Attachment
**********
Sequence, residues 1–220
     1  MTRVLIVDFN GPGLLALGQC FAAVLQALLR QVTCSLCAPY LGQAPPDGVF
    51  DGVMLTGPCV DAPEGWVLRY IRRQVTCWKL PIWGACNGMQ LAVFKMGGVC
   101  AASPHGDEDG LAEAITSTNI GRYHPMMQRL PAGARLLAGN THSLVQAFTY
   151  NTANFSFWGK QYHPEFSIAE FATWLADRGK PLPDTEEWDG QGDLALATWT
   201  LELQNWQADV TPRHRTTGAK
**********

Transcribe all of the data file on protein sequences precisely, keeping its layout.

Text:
Sequence, residues 1–220
     1  MTRVLIVDFN GPGLLALGQC FAAVLQALLR QVTCSLCAPY LGQAPPDGVF
    51  DGVMLTGPCV DAPEGWVLRY IRRQVTCWKL PIWGACNGMQ LAVFKMGGVC
   101  AASPHGDEDG LAEAITSTNI GRYHPMMQRL PAGARLLAGN THSLVQAFTY
   151  NTANFSFWGK QYHPEFSIAE FATWLADRGK PLPDTEEWDG QGDLALATWT
   201  LELQNWQADV TPRHRTTGAK